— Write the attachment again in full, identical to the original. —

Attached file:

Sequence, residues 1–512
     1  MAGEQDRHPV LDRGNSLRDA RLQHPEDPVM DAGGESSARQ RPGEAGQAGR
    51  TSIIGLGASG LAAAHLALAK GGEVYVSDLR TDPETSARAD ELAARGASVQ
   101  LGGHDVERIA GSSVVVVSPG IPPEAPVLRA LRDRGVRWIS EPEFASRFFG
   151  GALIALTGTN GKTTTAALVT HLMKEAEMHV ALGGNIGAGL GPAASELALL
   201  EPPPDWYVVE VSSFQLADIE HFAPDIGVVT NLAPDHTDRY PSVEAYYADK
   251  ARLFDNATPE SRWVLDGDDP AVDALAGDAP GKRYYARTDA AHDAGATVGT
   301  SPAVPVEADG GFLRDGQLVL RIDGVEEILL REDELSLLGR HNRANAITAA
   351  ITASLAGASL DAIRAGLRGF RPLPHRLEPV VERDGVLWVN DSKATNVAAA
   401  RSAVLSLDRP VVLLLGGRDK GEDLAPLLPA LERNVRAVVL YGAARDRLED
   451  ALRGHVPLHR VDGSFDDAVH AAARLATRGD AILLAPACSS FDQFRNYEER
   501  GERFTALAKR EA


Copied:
Sequence, residues 1–512
     1  MAGEQDRHPV LDRGNSLRDA RLQHPEDPVM DAGGESSARQ RPGEAGQAGR
    51  TSIIGLGASG LAAAHLALAK GGEVYVSDLR TDPETSARAD ELAARGASVQ
   101  LGGHDVERIA GSSVVVVSPG IPPEAPVLRA LRDRGVRWIS EPEFASRFFG
   151  GALIALTGTN GKTTTAALVT HLMKEAEMHV ALGGNIGAGL GPAASELALL
   201  EPPPDWYVVE VSSFQLADIE HFAPDIGVVT NLAPDHTDRY PSVEAYYADK
   251  ARLFDNATPE SRWVLDGDDP AVDALAGDAP GKRYYARTDA AHDAGATVGT
   301  SPAVPVEADG GFLRDGQLVL RIDGVEEILL REDELSLLGR HNRANAITAA
   351  ITASLAGASL DAIRAGLRGF RPLPHRLEPV VERDGVLWVN DSKATNVAAA
   401  RSAVLSLDRP VVLLLGGRDK GEDLAPLLPA LERNVRAVVL YGAARDRLED
   451  ALRGHVPLHR VDGSFDDAVH AAARLATRGD AILLAPACSS FDQFRNYEER
   501  GERFTALAKR EA